There I was, minding my own business, watching my twitter flow, contemplating my next blog post, when what should appear in my twitter but … well, you can see it here to the right, in the Tweetdeck version: mommyceo is Sabrina Parsons, my second of five grown-up children, who has been running Palo Alto Software for the last four years. So I clicked the link to see what she wrote. We do talk a lot, of course, and we’re still in the same company, but I’ve been traveling, and I wasn’t aware of this one. She called her post Family Business Succession: four years later.
She writes (and the “he” in this is me):
He talked to me one day, and the next day, without much planning, or transition strategies, or anything, he told me and then he announced the change to the whole company.
That’s true. I did. She also credits me for staying out of her way:
Does he actually let us make the decisions? What happens when he doesn’t agree to the decisions? What does he do now? The simple answer to the question is yes, Tim actually did back off, and stay true to his word.
And that makes me proud. It isn’t easy. You build a company up and you get used to running things, and that’s a hard habit to break. Me and my ego like to think that my every opinion should be treasured, but they aren’t. The novelty wore off and then it took some real adjustment. Fortunately, I passed the baton to a strong woman with a lot of confidence in herself and a good team.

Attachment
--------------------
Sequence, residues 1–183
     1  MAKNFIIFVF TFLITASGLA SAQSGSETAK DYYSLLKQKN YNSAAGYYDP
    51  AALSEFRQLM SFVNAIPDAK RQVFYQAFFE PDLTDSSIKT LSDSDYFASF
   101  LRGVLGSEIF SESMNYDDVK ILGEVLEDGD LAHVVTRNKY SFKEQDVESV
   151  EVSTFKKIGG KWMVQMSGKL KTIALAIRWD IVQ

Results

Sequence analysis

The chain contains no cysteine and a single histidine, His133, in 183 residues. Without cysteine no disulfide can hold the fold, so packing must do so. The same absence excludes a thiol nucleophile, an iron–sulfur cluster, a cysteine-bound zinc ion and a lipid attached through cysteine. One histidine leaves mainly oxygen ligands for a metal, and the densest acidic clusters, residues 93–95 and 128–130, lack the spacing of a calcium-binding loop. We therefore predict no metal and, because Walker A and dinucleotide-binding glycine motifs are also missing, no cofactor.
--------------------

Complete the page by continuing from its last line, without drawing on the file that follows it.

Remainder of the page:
Sabrina’s post details some of the accomplishments. The company has done just fine for the past four years, after the big transition. We both have the right to be proud.
My biggest insight for others in similar situations is what I call the safe harbor concept. I didn’t just pass the command on and then sit around back-seat driving. I passed the command on and dove head first into blogging, twitter, speaking, and teaching. I didn’t want retirement. I love business, entrepreneurship, and business planning, so the change meant being able to do more of that. Without my having a lot of stuff to do, stuff that I think is important, I would have gone crazy; and probably I would have driven my daughter crazy, too.